The Heat Is Online

Nations Agree to Binding Emissions Cuts -- by 2020

New U.N. climate deal struck

Reuters, Dec. 11, 2011

(Reuters) - Climate negotiators agreed a pact on Sunday that would for the first time force all the biggest polluters to take action on greenhouse gas emissions, but critics said the action plan was not aggressive enough to slow the pace of global warming.

The package of accords extended the Kyoto Protocol, the only global pact that enforces carbon cuts, agreed the format of a fund to help poor countries tackle climate change and mapped out a path to a legally binding agreement on emissions reductions.

But many small island states and developing nations at risk of being swamped by rising sea levels and extreme weather said the deal marked the lowest common denominator possible and lacked the ambition needed to ensure their survival.

Agreement on the package, reached in the early hours of Sunday, avoided a collapse of the talks and spared the blushes of host South Africa, whose stewardship of the two weeks of often fractious negotiations came under fire from rich and poor nations.

"We came here with plan A, and we have concluded this meeting with plan A to save one planet for the future of our children and our grandchildren to come," said South African Foreign Minister Maite Nkoana-Mashabane, who chaired the talks.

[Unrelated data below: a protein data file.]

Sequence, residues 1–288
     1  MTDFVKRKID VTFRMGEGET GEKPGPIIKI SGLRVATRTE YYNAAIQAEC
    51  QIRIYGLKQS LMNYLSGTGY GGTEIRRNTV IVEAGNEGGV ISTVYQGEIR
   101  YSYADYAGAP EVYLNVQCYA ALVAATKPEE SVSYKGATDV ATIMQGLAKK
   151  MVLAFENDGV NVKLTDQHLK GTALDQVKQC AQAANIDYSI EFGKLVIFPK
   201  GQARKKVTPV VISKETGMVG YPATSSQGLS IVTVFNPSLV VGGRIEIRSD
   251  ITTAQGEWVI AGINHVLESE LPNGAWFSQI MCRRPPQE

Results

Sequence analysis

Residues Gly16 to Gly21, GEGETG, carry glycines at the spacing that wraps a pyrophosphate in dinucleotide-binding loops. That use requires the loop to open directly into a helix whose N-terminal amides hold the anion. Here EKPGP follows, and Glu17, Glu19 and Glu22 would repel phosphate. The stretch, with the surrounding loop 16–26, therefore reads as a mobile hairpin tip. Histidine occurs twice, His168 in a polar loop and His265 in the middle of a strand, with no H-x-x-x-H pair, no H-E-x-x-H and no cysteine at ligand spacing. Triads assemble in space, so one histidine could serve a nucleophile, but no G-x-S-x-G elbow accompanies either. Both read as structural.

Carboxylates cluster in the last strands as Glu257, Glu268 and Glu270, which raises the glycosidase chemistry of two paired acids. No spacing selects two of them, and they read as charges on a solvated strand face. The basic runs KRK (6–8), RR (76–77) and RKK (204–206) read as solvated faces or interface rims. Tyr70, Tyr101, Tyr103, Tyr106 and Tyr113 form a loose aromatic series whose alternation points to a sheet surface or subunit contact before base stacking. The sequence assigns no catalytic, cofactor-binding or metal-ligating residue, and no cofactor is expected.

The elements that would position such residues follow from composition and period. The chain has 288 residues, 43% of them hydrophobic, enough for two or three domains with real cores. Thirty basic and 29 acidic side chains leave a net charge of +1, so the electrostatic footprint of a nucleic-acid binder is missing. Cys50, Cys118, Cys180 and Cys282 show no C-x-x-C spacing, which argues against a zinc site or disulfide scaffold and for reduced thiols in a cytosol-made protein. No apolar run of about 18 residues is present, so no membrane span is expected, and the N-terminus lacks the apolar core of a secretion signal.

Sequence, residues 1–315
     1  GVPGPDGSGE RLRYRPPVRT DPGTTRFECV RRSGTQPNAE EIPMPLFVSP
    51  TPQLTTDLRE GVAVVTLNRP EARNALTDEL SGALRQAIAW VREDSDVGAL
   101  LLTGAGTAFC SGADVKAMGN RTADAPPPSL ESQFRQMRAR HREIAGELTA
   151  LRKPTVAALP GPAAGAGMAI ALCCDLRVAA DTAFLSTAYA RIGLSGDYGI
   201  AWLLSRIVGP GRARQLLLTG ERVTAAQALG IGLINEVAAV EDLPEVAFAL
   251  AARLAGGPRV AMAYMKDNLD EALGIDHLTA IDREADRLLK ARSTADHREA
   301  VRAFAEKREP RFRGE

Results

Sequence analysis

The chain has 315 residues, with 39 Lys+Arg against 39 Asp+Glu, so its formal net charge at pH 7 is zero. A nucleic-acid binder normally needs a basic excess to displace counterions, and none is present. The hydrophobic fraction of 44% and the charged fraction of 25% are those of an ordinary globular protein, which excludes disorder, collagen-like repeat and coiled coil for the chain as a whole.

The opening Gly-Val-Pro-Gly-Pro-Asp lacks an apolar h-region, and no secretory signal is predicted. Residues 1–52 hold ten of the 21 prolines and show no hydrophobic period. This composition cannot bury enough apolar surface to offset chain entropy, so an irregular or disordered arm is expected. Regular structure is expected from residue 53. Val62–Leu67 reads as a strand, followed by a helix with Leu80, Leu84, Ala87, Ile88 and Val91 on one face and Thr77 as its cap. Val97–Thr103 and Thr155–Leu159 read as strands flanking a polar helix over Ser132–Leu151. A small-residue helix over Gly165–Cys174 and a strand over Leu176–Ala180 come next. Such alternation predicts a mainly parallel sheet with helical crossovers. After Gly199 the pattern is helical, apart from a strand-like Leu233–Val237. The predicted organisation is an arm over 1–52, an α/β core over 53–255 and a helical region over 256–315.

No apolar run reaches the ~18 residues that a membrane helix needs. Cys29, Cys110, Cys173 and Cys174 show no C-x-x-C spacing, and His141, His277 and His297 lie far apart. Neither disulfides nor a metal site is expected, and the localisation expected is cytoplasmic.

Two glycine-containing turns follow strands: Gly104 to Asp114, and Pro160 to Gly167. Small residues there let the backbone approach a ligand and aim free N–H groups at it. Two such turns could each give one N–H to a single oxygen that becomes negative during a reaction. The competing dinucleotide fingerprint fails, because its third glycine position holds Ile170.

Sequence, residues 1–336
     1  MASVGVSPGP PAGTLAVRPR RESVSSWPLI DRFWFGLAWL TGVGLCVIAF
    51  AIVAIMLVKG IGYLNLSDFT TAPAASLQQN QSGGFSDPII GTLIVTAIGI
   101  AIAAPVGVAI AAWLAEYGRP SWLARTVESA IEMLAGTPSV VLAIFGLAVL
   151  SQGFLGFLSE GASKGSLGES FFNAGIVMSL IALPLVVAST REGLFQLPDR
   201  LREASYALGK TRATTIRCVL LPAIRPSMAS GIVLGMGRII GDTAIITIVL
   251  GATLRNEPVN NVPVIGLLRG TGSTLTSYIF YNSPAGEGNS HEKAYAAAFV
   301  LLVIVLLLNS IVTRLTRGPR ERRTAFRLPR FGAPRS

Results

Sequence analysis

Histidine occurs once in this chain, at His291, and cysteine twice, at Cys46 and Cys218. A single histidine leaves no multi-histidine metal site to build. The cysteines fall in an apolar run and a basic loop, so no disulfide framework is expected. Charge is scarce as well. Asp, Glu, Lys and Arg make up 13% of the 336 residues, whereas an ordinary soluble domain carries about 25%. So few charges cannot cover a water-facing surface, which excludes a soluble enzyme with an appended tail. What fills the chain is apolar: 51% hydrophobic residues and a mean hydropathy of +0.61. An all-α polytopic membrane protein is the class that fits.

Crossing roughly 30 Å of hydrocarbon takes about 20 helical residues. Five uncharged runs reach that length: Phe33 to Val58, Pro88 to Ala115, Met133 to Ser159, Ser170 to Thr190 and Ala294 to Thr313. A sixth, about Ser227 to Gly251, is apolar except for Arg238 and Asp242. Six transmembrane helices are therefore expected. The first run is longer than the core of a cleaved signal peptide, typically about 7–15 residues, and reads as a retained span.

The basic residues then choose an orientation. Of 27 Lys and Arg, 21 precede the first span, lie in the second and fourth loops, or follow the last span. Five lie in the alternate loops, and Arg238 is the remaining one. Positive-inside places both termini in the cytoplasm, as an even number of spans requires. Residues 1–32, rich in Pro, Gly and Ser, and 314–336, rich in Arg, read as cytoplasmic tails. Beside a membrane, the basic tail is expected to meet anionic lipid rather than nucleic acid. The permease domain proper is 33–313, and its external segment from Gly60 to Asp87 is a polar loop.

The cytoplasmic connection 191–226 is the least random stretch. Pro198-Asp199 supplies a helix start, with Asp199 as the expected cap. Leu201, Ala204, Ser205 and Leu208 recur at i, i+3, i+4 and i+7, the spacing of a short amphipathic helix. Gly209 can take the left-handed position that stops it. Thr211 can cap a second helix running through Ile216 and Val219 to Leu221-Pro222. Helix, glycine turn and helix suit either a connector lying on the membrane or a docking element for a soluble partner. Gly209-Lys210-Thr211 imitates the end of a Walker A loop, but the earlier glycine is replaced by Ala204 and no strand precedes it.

"We have made history," she said, bringing the hammer down on Durban conference, the longest in two decades of U.N. climate negotiations.

Delegates agreed to start work next year on a new legally binding treaty to cut greenhouse gases to be decided by 2015 and to come into force by 2020.

The process for doing so, called the Durban Platform for Enhanced Action, would "develop a new protocol, another legal instrument or agreed outcome with legal force" that would be applicable under the U.N. climate convention.

That phrasing, agreed at a last-ditch huddle in the conference centre between the European Union, India,  China and the United States, was used by all parties to claim victory.

Britain's Energy and Climate Secretary Chris Huhne said the result was "a great success for European diplomacy."

"We've managed to bring the major emitters like the U.S., India and China into a roadmap which will secure an overarching global deal," he said.